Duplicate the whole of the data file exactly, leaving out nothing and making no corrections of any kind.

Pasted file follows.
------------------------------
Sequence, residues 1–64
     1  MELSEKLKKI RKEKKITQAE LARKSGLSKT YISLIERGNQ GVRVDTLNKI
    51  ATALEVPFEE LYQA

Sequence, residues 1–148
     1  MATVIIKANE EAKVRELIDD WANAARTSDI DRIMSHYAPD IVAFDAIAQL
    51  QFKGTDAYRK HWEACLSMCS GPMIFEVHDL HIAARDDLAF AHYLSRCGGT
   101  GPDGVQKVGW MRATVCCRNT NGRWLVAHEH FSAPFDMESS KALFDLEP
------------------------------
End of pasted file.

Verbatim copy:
Sequence, residues 1–64
     1  MELSEKLKKI RKEKKITQAE LARKSGLSKT YISLIERGNQ GVRVDTLNKI
    51  ATALEVPFEE LYQA

Sequence, residues 1–148
     1  MATVIIKANE EAKVRELIDD WANAARTSDI DRIMSHYAPD IVAFDAIAQL
    51  QFKGTDAYRK HWEACLSMCS GPMIFEVHDL HIAARDDLAF AHYLSRCGGT
   101  GPDGVQKVGW MRATVCCRNT NGRWLVAHEH FSAPFDMESS KALFDLEP